If there has been anything that has made me crave more effective ad frequency capping controls for Facebook, it has been the onslaught of Boldking razor ads that bombard me whenever I go near Facebook.
If you are a bloke and use Facebook, I suspect you will have seen this ad:
I have to confess to being a long time Gillette user (Fusion Proglide to be precise). I am, however, always drawn towards the underdog and the shaving market has been much more fun since the Dollar Shave Club’s epic ad in 2012.
It was that ad that introduced the notion that we are all paying for tech that we just don’t need. Our grandfathers only had one blade (and polio), so I was interested to see that Boldking were also reducing the number of blades rather than adopting the Gillette approach of adding more.
To be honest, I have never really been aware of an issue where multiple blades tug at hairs and cause discomfort, but the Boldking video sort of makes sense and I was lured into a trial. Partly to see if it was any better, but also to feel that I wasn’t just lining the pockets of already super rich sport stars around the world.
As it turns out, I managed to cut myself repeatedly with the Boldking razors and they just aren’t for me. I was a bit disappointed as I wanted to support the underdog, but I also felt a bit stupid for being drawn in by the marketing spiel.
It also got me thinking.
What is Gillette’s take on the ‘no tugging because the blades are spaced out’ approach to razor design? You guessed it, they say the polar opposite:
Poo-pooing the Dollar Shave Club’s suggestion that one blade is enough, Gillette claims that “five blades spaced closer together to help supply a closer and more comfortable shave”. Could it be more different to the Boldking approach?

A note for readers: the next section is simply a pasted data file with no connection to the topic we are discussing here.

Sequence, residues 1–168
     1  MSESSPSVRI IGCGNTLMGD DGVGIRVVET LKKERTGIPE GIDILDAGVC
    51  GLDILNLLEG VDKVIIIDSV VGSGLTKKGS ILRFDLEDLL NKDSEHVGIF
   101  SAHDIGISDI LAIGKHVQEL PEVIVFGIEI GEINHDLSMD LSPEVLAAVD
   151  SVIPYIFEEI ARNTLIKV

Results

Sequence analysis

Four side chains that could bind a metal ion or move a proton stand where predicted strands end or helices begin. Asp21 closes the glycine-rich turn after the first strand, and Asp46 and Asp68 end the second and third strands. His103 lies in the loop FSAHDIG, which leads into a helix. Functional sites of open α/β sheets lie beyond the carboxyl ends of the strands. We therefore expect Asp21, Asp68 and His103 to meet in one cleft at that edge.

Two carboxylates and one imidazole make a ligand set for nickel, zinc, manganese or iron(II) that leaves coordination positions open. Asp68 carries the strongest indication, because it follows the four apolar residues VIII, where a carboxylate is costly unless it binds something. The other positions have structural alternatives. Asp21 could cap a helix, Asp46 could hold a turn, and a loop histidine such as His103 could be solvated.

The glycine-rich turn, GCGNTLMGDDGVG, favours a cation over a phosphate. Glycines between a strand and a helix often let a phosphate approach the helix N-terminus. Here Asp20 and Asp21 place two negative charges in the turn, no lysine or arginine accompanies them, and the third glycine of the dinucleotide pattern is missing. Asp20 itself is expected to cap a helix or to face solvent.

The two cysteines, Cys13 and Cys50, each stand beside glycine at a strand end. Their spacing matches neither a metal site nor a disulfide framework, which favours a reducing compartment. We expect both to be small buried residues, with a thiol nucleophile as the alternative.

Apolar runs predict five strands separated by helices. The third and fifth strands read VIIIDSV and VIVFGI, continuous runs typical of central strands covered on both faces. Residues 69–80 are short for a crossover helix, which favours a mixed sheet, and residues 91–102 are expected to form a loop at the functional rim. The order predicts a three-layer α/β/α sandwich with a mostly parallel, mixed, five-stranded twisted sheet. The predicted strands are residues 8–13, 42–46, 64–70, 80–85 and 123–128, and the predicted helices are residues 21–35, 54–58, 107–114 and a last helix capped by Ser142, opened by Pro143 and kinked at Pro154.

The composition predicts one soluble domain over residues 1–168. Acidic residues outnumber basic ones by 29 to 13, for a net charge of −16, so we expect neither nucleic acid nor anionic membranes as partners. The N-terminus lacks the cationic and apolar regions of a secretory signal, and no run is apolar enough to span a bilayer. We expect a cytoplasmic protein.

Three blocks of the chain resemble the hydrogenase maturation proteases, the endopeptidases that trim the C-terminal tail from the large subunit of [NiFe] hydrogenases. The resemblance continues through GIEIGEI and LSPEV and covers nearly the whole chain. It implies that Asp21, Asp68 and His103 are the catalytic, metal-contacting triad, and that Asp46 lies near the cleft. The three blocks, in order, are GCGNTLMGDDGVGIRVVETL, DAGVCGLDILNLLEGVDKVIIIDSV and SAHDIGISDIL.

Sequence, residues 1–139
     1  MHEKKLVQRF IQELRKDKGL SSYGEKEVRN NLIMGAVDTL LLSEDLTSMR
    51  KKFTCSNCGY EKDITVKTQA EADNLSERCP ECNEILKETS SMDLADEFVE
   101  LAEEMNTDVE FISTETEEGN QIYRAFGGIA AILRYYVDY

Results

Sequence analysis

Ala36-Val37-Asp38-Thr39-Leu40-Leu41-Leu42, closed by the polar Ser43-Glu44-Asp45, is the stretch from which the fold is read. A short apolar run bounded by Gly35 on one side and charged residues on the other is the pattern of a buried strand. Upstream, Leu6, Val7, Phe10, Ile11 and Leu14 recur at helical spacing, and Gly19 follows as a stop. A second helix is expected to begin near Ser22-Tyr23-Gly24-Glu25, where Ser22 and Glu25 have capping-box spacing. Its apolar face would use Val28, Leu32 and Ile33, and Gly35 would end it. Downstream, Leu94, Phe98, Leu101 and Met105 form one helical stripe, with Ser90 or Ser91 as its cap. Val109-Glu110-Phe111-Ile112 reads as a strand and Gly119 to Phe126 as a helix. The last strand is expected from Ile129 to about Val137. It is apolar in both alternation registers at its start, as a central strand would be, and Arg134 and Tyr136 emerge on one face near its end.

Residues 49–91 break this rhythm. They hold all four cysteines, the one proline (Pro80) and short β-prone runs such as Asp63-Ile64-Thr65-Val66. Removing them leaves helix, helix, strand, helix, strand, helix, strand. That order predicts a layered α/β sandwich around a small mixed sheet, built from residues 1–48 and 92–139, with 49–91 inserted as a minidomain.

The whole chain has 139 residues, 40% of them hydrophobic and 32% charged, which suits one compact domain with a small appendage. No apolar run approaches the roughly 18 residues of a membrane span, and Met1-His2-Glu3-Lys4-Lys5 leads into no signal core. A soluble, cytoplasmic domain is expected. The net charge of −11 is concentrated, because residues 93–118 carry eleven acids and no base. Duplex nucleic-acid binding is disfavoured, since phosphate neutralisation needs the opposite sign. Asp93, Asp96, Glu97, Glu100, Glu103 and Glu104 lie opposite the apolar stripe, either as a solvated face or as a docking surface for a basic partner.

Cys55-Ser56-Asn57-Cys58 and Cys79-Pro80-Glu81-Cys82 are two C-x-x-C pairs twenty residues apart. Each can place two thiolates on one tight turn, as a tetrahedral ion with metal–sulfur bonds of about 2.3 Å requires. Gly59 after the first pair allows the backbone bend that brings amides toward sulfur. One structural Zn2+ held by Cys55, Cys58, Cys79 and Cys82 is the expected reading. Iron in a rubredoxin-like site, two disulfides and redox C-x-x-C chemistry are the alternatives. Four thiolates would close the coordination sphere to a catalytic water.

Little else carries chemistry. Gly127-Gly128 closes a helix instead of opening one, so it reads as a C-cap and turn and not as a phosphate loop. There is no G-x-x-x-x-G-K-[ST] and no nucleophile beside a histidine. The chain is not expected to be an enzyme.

In my personal experience, I am siding with Gillette. For me, the 5 (close) blade approach is definitely more comfortable and devoid of any bloodbaths. I do admit that this may not be the case for everyone and Boldking has been impressive in contacting me after I cancelled my subscription, but the main thrust of their marketing video simply isn’t true in my experience. They are making claims that I cannot support.
They are clearly not the first to make bold marketing claims and certainly won’t be the last. Everyone is striving for distinction and USPs are demanded by marketing best practice. I think that this is an interesting example of specific claims being so wildly different.
More importantly, it is a good reminder of why product reviews are so important and of the influence that social media has over us all. I think that we all tend to ignore marketing spiel these days and will always seek 3rd party validation of any claims. Consumers are empowered and social media has made it very difficult to hide behind grandiose claims that just don’t hold any water.
In truth, this is nothing new. Back in 1988, Public Enemy were telling us not to believe the hype:
Some media is the whack
You believe it’s true, it blows me through the roof
Suckers, liars get me a shovel
Some writers I know are damn devils
For them I say don’t believe the hype.
(Don’t Believe The Hype Lyrics | MetroLyrics)
As they say, don’t believe the hype. Do your research and use Google to find what other people are saying about products that you are interested in.
Have a great weekend folks!
Also published on Medium.